Opinion 8–9. Durham has timely appealed from the district court's qualified immunity ruling, and we possess jurisdiction pursuant to 28 U.S.C. § 1291.


We review de novo an award of summary judgment on the basis of qualified immunity. See Lefemine v. Wideman, 672 F.3d 292, 297 (4th Cir.2012). Summary judgment is proper “only if taking the evidence and all reasonable inferences drawn therefrom in the light most favorable to the nonmoving party,” there is no genuine dispute of material fact, and the moving party is entitled to judgment as a matter of law. See Henry v. Purnell, 652 F.3d 524, 531 (4th Cir .2011).


Durham contends on appeal that Horner was not entitled to qualified immunity because he relied on and utilized unverified information to set “forth a chain of events that would lead to the indictment and arrest of the wrong individual.” Br. of Appellant 10. Durham emphasizes that Horner knew from the Accurint report that Durham had not had a Big Stone Gap address since 1999; that Horner never obtained the Tennessee license number to confirm whether the Jeep belonged to Durham; that Horner had not secured a photograph of Durham to show the CI and confirm the drug dealer's identity; that Horner believed the dealer was approximately sixty years old, and not, like Durham, in his mid-forties; and that Horner admitted by deposition that he was not a hundred percent certain that he had the correct Michael Durham. Accordingly, Durham maintains that “Horner's actions were plainly incompetent,” arguing that “whether or not Horner acted reasonably is a jury question.” Id. at 11.

As we have recognized, “[q]ualified immunity protects officers who commit constitutional violations but who, in light of clearly established law, could reasonably believe that their actions were lawful.” Henry v. Purnell, 652 F.3d 524, 531 (4th Cir.2011). Hence, our qualified immunity defense involves a “two-step” inquiry, asking “first whether a constitutional violation occurred and second whether the right violated was clearly established.” Id. (internal quotation marks omitted).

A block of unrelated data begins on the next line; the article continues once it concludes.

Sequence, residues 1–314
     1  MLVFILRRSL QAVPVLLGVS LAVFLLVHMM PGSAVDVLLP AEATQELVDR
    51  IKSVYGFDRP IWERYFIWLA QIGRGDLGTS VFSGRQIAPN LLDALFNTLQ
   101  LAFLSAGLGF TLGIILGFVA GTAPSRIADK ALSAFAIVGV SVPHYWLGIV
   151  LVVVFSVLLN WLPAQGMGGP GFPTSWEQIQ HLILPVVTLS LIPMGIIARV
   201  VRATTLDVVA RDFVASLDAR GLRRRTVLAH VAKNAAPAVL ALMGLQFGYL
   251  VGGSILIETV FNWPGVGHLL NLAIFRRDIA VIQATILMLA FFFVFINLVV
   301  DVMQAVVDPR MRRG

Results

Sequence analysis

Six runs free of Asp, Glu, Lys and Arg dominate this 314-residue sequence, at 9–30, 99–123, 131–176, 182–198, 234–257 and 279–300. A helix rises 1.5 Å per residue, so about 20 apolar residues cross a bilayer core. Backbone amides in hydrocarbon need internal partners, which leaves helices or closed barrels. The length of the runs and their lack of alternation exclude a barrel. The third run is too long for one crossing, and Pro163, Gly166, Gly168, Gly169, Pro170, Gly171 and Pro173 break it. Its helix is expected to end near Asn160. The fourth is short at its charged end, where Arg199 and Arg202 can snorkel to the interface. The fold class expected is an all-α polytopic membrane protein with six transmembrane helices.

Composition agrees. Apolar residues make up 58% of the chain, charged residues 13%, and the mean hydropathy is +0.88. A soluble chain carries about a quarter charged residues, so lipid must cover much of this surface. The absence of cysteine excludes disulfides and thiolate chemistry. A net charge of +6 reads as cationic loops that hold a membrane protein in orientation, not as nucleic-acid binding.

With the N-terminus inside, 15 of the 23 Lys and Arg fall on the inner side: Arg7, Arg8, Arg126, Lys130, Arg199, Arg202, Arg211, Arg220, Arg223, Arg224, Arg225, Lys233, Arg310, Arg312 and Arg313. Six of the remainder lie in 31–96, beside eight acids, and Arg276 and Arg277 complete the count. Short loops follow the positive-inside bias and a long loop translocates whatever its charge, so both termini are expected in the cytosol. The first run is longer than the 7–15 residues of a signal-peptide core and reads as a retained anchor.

Put succinctly, Durham's “malicious prosecution” claim fails the first step of the qualified immunity inquiry.6 Although “it is not entirely clear whether [there is] a separate constitutional right to be free from malicious prosecution, if there is such a right, the plaintiff must demonstrate both an unreasonable seizure and a favorable termination of the criminal proceeding flowing from the seizure.” Snider v. Seung Lee, 584 F.3d 193, 199 (4th Cir.2009) (citations omitted). Thus, what has been inartfully “termed a ‘malicious prosecution’ claim ․ is simply a claim founded on a Fourth Amendment seizure that incorporates the elements of the analogous common law tort of malicious prosecution.” Id. (internal quotation marks omitted). More specifically, “we have required that [1] the defendant have ‘seized plaintiff pursuant to legal process that was not supported by probable cause and [2] that the criminal proceedings have terminated in plaintiff's favor.’ “ Burrell v. Virginia, 395 F .3d 508, 514 (4th Cir.2005) (quoting Brooks v. City of Winston–Salem, 85 F.3d 178, 183–84 (4th Cir.1996)) (alterations and emphasis omitted).

Durham is unable to establish a constitutional violation because, although the underlying criminal proceedings were terminated in his favor, the prosecution was plainly supported by probable cause, as conclusively established by the three indictments. It has long since been settled by the Supreme Court that “an indictment, ‘fair upon its face,’ returned by a ‘properly constituted grand jury,’ conclusively determines the existence of probable cause.” Gerstein v. Pugh, 420 U.S. 103, 117 n.19 (1975) (internal quotation marks omitted); Costello v. United States, 350 U.S. 359, 363 (1956) (recognizing that grand jury “indictment ․ valid on its face, is enough to call for trial of the charge on the merits”). Notwithstanding the conclusive effect of the indictments, our precedents instruct that “a grand jury's decision to indict ․ will [not] shield a police officer who deliberately supplied misleading information that influenced the decision.” See, e.g., Goodwin v. Metts, 885 F.2d 157, 162 (4th Cir.1989) (quoting favorably Jones v. City of Chicago, 856 F.2d 985, 993 (7th Cir.1988)), overruled in part by, Albright v. Oliver, 510 U.S. 266 (1994); see also Miller v. Prince George's Cnty., Md., 475 F .3d 621, 632 (4th Cir.2007) (observing that “the Constitution did not permit a police officer ․ with reckless disregard for the truth, to make material misrepresentations or omissions to seek [an arrest] warrant that would otherwise be without probable cause”).